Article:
5. Austin, M.P. and Heyligers, P.C.: 1991, ‘New approach to vegetation survey design: Gradsect sampling’, in: Margules, C.R. and Austin, M.P. (eds.), Nature Conservation: Cost Effective Biological Surveys and Data Analysis. CSIRO, Australia, pp. 31–36.Google Scholar
  6. Avissar, R. and Pielke, R.A.: 1989, ‘A parameterization of heterogeneous land surfaces for atmospheric numerical models and its impact on regional meterology’, Mon. Wea. Rev. 117, 2113–2136.Google Scholar
  7. Baker, W.L.: 1990, ‘Climatic and hydrologic effects on the regeneration of Populus angustifolia James along the Animas River, Colorado’, J. Biogeogr. 17, 59–73.Google Scholar
  8. Baron, J. (ed.): 1991, ‘The Loch Vale Watershed Ecosystem’, Ecological Studies Series, Springer-Verlag, NY.Google Scholar
  9. Beanlands, G.E., and Duinker, P.N.: 1983, ‘An ecological framework for environmental impact assessment in Canada’. Dalhousie University Institute of Resource and Environmental Studies and Federal Environmental Assessment Review Office, Halifax, Nova Scotia.Google Scholar
  10. Benedict, J.B.: 1984, ‘Rates of tree-island migration, Colorado Rocky Mountains, USA’, Ecology 65, 820–823.Google Scholar
  11. Bennett, R.J.: 1979, Spatial Time Series: Analysis — Forecasting — Control. Pion Limited. London, Great Britain.Google Scholar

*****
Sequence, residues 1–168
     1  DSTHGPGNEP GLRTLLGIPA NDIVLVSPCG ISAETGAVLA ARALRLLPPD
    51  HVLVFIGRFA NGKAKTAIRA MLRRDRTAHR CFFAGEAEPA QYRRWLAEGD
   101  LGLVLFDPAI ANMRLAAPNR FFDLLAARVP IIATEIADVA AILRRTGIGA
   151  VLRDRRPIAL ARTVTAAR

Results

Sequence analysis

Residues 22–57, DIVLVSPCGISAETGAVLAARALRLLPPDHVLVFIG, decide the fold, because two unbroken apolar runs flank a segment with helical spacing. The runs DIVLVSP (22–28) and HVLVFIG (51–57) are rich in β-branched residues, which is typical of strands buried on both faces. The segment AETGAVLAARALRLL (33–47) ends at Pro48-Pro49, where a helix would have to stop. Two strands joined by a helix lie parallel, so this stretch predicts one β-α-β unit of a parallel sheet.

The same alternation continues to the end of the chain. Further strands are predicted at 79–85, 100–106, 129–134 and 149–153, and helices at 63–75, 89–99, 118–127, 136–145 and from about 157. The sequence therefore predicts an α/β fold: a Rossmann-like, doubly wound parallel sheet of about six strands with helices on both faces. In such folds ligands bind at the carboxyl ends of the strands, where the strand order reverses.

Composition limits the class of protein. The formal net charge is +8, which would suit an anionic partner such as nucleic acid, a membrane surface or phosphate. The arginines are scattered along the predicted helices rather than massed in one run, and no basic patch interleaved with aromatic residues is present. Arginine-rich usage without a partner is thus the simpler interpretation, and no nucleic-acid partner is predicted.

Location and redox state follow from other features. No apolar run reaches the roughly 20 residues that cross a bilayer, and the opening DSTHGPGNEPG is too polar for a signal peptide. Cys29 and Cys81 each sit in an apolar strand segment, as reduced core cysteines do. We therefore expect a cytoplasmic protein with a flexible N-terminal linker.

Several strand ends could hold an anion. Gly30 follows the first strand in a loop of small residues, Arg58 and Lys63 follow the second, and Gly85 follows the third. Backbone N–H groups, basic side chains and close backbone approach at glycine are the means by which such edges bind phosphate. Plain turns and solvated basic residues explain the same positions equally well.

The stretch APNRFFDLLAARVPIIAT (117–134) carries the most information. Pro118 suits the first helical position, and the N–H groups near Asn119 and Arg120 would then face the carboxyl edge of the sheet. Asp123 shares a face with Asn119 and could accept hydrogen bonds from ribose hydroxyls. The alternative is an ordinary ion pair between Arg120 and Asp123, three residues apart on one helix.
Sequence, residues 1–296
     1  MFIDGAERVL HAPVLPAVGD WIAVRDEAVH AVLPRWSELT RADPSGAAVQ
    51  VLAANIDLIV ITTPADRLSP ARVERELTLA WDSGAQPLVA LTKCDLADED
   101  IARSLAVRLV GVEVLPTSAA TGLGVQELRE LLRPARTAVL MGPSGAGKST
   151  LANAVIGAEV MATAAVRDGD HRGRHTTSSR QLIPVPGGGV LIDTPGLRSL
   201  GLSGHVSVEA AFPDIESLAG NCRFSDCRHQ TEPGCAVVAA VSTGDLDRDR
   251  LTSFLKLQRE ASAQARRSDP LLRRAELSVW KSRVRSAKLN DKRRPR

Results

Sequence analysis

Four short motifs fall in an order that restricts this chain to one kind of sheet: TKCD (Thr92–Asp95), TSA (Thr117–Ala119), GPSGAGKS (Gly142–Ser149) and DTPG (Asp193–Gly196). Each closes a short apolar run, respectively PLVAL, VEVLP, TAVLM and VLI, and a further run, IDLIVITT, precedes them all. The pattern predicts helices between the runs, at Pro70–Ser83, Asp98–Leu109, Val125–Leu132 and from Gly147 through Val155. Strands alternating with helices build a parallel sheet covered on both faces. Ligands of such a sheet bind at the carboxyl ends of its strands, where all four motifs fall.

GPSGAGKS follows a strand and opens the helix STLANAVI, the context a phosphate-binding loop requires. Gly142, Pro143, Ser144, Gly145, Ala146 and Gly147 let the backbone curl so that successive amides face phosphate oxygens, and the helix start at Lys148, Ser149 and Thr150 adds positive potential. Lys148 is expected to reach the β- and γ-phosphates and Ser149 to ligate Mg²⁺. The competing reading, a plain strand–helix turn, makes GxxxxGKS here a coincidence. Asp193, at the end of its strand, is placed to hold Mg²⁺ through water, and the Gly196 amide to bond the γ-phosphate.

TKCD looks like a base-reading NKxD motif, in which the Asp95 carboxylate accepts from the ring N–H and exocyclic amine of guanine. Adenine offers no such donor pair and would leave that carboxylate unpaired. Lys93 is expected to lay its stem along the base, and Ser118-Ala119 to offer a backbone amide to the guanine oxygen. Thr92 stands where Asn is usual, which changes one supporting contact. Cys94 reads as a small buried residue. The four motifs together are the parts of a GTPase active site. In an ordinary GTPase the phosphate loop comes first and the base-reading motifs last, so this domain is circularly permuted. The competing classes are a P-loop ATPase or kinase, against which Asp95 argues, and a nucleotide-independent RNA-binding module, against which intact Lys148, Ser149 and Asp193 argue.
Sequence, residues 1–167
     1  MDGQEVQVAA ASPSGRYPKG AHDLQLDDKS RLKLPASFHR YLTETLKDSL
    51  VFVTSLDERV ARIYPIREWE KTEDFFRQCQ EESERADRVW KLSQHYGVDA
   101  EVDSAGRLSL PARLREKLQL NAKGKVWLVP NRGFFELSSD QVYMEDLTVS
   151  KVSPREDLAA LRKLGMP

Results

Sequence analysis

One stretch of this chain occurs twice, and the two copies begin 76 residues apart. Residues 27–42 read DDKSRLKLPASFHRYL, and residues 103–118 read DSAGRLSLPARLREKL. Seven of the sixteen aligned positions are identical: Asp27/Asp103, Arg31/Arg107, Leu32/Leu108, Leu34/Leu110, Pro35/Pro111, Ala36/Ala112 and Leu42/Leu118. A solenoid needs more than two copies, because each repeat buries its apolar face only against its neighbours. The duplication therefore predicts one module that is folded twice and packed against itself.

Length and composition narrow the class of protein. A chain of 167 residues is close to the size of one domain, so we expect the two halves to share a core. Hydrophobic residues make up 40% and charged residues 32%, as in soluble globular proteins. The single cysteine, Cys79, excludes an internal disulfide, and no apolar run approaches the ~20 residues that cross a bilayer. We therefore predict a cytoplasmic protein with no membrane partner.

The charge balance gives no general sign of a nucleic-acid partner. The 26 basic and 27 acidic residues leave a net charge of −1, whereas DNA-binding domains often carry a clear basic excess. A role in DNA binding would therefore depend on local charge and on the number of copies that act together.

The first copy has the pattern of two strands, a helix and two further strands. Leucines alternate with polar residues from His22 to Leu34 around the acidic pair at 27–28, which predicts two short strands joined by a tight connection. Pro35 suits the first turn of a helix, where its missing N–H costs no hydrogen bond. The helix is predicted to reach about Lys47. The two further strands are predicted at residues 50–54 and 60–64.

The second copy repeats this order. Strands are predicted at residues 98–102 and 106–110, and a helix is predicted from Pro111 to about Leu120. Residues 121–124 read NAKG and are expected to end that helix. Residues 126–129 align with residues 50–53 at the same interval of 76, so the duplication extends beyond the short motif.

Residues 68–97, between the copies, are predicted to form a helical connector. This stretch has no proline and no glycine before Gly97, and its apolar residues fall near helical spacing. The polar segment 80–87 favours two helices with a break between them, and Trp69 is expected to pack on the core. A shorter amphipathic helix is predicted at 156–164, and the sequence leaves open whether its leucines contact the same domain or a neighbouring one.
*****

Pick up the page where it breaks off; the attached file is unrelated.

12. Berkowitz, A.R., Kolosa, K., Peters, R.H. and Pickett, S.T.A.: 1989, ‘How far in space and time can the results from a single long-term study be extrapolated’, in: Likens, G.E. (ed.), Long-term Studies in Ecology: Approaches and Alternatives. Springer-Verlag, New York, NY, pp. 192–198.Google Scholar
  13. Cochran, W.G.: 1977, Sampling techniques, John Wiley and Sons, New York, NY, pp. 327–358.Google Scholar
  14. Comanor, P.L. and Gregg, W.P., Jr.: 1992, ‘Role of U.S. National Parks in global change research’, George Wright Forum 9, 67–74.Google Scholar
  15. Cormack, R.M. and Ord, J.K. (eds.): 1979, Spatial and Temporal Analysis in Ecology. International Co-operative Publishing House, Fairland, MD.Google Scholar
  16. Cornelius, J.M. and Reynolds, J.F.: 1991, ‘On determining the statistical significance of discontinuities within ordered ecological data’, Ecology 72, 2057–2070.Google Scholar
  17. Cressie, N.: 1991, Statistics For Spatial Data. John Wiley & Sons, New York, NY.Google Scholar
  18. Davis, M.B.: 1986, ‘Climatic instability, time lags, and community disequilibrium’, in: Diamond, J. and Case, T.J. (eds.), Community Ecology. New York: Harper and Row, pp. 269–284.Google Scholar
  19. Dallmeier, F. (ed.): 1992, Long-term Monitoring of Biological Diversity in Tropical Forest Areas: Methods For Establishment and Inventory of Permanent Plots. MAB Digest 11. United Nations Educational, Scientific, and Cultural Organization (UNESCO), Paris, France.Google Scholar
  20. Eamus, D. and Jarvis, P.G.: 1989, ‘The direct effects of increase in the global atmospheric CO2 concentration on natural and commercial temperate trees and forests’, Advances in Ecological Research, 1–55.Google Scholar